Now he can feed everyone else.
He recently expanded on his 1½-year-old meal prep service, Shut the Chef Up, with a grab-and-go outlet at the Jackson Wink MMA Academy in Downtown Albuquerque. The location allows D’Elia to serve the mixed martial artists training on the other side of the wall, but also anybody else looking for his brand of health-minded meals.
The lineup his new spot – which he has branded STCU To-Go – includes $9 burrito bowls, $9 salads like the balsamic chicken/lemon quinoa, and a series of $10 wraps that include bacon cheeseburger, chicken Parmesan and Cuban versions.
D’Elia says he and his staff use antibiotic-free meats, favor coconut sugar over the regular variety and make most ingredients like almond butter, salad dressings, ketchup and barbecue sauces in house.
“It’s important to me that we do scratch cooking,” he says. “We’re being authentic.”
D’Elia began Shut the Chef Up after a four-year stint as the executive chef with the Albuquerque Isotopes, a period during which he cooked for the likes of suite owners, picnic-goers and the players themselves – including superstars like Josh Hamilton, who came to Duke City for an injury rehab stint.
He has in the past also worked with other Major Leaguers and college athletes.
His clients at Shut the Chef Up include some high-level athletes from a variety of sports, but he also works with many others who have special dietary concerns, whether that’s a pageant contestant or a cancer patient.
“You could come to me and say I have 84 allergies and, trust me, I’ve done it before,” says D’Elia who had a series of restaurants in Atlanta prior to moving to Albuquerque.
He says Shut the Chef Up currently produces about 2,000 dishes a week for meal prep clients out of its headquarters at 141 Osuna NW.
That’s the commercial kitchen where all STCU To-Go’s meals are made as well.
STCU To-Go operates out of a small suite within the Jackson Wink facility at 301 Dr. Martin Luther King Jr. NE, near Broadway. It’s not a traditional restaurant, but customers could eat at a window-lined counter that looks into the MMA training facility.
It is open 10 a.m.-6 p.m. Monday through Friday and 10 a.m.-2 p.m. Saturday.
Get your fish fix
Say hi to Hello Poké.
The new Northeast Albuquerque eatery specializes in poké – a raw fish salad with Hawaiian history and a growing presence in mainland America.
It’s a highly customizable dish, according to Hello Poké’s manager, Maron Mangan. Customers get to create their own version on a bed of rice (or mixed greens), picking from a lineup of proteins, sauces and toppings.
The restaurant opened about two weeks ago and Mangan says most customers are not entirely familiar with the food. While it bears similarities to sushi, “If it’s truly poké, it’s not ‘sushi in a bowl,'” he says of a term he doesn’t like to use. “It’s marinated (fish). It’s a whole different cuisine.”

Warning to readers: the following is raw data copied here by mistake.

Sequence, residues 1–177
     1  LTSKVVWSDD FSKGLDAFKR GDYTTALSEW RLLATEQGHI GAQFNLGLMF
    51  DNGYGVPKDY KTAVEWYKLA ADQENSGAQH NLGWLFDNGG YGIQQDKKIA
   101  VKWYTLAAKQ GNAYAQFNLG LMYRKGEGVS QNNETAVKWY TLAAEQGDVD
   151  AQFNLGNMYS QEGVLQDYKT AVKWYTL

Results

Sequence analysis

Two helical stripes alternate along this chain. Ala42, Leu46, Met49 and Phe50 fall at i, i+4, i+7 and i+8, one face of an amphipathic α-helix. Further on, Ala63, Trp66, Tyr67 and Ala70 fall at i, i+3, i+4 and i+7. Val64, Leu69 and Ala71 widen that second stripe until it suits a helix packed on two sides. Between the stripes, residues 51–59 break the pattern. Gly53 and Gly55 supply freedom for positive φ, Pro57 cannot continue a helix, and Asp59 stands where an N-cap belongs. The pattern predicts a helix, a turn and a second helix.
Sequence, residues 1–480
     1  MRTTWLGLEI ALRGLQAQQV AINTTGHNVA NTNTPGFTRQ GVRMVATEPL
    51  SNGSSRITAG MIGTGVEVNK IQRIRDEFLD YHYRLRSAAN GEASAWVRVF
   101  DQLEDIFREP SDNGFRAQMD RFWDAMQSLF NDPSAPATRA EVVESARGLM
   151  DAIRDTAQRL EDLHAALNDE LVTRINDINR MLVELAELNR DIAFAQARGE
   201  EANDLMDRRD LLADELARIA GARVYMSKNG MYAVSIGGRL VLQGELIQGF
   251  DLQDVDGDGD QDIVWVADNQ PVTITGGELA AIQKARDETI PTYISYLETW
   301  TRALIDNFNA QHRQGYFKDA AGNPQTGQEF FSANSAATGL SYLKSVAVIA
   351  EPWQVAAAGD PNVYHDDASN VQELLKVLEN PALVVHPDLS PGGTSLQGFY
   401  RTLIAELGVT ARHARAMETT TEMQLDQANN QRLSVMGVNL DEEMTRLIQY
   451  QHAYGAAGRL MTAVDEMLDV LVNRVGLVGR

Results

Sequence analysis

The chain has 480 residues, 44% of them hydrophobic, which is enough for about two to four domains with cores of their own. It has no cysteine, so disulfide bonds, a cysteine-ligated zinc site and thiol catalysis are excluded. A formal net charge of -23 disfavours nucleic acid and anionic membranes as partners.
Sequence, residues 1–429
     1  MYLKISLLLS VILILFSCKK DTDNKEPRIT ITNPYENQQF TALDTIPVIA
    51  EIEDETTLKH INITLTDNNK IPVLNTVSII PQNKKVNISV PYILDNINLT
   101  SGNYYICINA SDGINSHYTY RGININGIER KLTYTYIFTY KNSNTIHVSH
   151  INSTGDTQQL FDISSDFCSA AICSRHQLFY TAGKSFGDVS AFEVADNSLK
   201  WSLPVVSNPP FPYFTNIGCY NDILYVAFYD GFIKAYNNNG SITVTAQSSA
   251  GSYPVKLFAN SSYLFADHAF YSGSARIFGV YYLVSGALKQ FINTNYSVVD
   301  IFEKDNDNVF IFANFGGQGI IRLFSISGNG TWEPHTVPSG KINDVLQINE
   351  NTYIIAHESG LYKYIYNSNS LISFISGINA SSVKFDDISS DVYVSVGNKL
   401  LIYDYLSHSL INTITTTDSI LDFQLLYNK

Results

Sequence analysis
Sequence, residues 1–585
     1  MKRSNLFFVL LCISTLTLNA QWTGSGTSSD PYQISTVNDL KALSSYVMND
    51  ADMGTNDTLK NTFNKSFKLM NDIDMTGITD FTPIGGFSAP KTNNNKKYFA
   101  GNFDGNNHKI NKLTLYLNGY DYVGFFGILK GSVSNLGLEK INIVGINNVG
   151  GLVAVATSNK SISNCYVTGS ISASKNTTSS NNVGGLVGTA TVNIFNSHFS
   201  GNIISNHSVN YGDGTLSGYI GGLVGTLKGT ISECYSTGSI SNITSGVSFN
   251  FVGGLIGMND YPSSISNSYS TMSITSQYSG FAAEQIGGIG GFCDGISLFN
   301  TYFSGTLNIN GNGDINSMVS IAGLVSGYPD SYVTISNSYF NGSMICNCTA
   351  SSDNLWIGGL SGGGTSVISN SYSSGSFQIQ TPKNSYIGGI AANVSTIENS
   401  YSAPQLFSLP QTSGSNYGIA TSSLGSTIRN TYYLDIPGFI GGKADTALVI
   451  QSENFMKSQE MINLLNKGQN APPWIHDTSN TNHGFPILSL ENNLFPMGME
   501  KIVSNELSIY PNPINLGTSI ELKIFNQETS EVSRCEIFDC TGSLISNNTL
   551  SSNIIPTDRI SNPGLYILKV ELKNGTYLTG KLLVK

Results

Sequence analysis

Hello Poké’s “house” fish option is cubed yellowtail that has been marinated for 12-24 hours in a blend of sesame seeds, onions and a salted seaweed.
But customers have other raw fish options like salmon and tuna, plus cooked shrimp, poached scallops and tofu.
They can round out their bowl with edamame, avocado, other toppings and their choice of six sauces.
Bowls run $9 or $10 depending on the amount of protein included.
Mangan, who comes to Hello Poké from a job as a sous chef at Le Crepe Michel, says he may augment the menu in the future.
“I’ll be adding things, and playing with different ideas and seeing how they work,” he says.
Hello Poké is located in the Far North Shopping Center at 6300 San Mateo NE, at Academy. It is open 11 a.m.-8 p.m. weekdays, noon-8 p.m. Saturday and noon-6 p.m. Sunday.
In other news:
• Speaking of poké, Albuquerque’s Poki Poki Cevicheria is expanding. The University of New Mexico-area restaurant is adding a second location at 3517 Wyoming NE. It should open by early summer and owner Robert Punya says it will have the same assembly-line ordering model, but cater to a sit-down crowd with a beer menu and a sangria bar.
• Flying Star – which recently emerged from bankruptcy – has retooled its menu and says 60 percent of the items are now priced at $10 or less. The Albuquerque cafe chain that downsized to six locations since its 2015 Chapter 11 filing, says its new menu items include a warm harvest salad with quinoa, potatoes and sweet potatoes, and a French dip sandwich-French onion soup combo (each $9.95).
• Albuquerque’s own Dion’s has doubled its Denver-area presence. The pizzeria chain opened its new Commerce City, Colo., restaurant earlier this month – the chain’s 22nd location overall.
• Harbor Freight Tools recently opened its new Southwest Albuquerque store, the chain’s third in the city. The store is located at the West Central Plaza, 4410 Central SW. It is open 8 a.m.-8 p.m. Monday through Saturday and 9 a.m.-6 p.m. Sunday.